Shooting for a Calendar: Into the Garden of Good and Evil

It is everyone’s dream to shoot a calendar: beautiful women in bikinis, fast cars with lots of chrome, wild animals in the jungle.  Me, I get asked to do a racy calendar of plants and bugs. Perhaps it was not the most glamourous photographic opportunity, but it was to support the school’s eco-activities while providing exposure for my photography to a wide audience. Gardens are about colours, textures and hidden worlds; I wanted to capture as much of that imaginary micro-world I could, while still remaining true to my own style of photography. My favourite photo was actually not selected for the calendar – there are only twelve months to work with, after all. The yellow and lilac tones contrast subtly with the plant greens, but it is the two insects that pull me in. This style of macro image always pulls me in, and even though I do not own a macro lens I do love experimenting with the imaginary world beneath our everyday notice.

Any good garden will feature some roses, and these red roses just exuded romance, while still being cold and pristine in their tones. It was October, so these flowers were pretty much on their last legs before the frost. For the images I used a Canon 300mm f. 4.0 IS L lens and a reversed Canon 50mm f. 1.4 lens. I was really struck by what a great lens the 300m lens was for these types of shallow depth of field shots. The Image Stabilization really helped to handhold the camera in the wind and rain.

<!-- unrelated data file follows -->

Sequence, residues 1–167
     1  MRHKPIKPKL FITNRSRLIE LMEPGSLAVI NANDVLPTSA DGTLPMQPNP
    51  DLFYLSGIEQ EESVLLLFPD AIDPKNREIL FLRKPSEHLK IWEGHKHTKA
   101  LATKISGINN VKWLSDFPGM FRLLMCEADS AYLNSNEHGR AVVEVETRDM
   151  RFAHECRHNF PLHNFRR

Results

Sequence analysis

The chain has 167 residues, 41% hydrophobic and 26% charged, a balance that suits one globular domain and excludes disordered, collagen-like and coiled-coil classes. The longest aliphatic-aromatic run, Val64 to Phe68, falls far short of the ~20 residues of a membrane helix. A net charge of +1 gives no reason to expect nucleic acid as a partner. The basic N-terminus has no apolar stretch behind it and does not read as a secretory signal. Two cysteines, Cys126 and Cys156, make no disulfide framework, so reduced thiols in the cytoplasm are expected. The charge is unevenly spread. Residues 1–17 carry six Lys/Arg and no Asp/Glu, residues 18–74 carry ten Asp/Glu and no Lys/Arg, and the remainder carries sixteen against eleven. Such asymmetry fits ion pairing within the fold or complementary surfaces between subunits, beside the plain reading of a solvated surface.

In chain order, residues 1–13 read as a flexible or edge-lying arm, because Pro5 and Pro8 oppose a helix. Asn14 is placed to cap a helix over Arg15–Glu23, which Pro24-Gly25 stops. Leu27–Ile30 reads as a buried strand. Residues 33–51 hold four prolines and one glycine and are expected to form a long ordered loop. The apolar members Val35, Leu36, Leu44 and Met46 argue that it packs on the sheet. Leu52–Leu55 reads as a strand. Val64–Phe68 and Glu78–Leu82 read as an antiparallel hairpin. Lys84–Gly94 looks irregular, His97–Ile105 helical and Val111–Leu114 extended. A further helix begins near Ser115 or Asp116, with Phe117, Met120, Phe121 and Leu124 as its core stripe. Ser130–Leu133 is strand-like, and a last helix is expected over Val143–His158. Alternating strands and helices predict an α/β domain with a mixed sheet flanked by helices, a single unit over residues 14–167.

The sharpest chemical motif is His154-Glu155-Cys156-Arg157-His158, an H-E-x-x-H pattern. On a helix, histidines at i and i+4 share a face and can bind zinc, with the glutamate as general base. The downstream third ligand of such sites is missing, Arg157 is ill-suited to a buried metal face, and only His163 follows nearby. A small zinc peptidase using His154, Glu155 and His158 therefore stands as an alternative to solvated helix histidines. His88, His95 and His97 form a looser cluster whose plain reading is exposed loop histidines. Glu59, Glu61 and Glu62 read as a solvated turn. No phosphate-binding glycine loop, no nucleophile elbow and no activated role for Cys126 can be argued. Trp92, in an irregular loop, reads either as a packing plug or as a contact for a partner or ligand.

Finally, I decided to include a shot of the harvested produce that the gardeners had gathered that day, and which was going to be used some recipes included in the calendar lay-out. The real feature of this type of image has to be to combine the colours while still building depth in the field of focus through shadows. The viewer has to taste the realness of the organic tomatoes even if they only get to enjoy hydroponic styrofoam ones come February. The sunshine of the September afternoon really shines through here.

It should be wonderful to see this project come to fruition over the next month. The lay-out looks solid and inviting, even if the photos take a secondary role to the recipes. I am always amazed at what opportunities have become available to me in the past few months, and just how different each project is despite needing the same basic skill set to complete it. You always have to be searching for ways to grow your palette and to learn from each new session, and what I learned while taking these photos will develop how I approach my next food photography session. Looking at these images now I cannot help but wonder what I might have been able to produce with a macro lens and a tripod.


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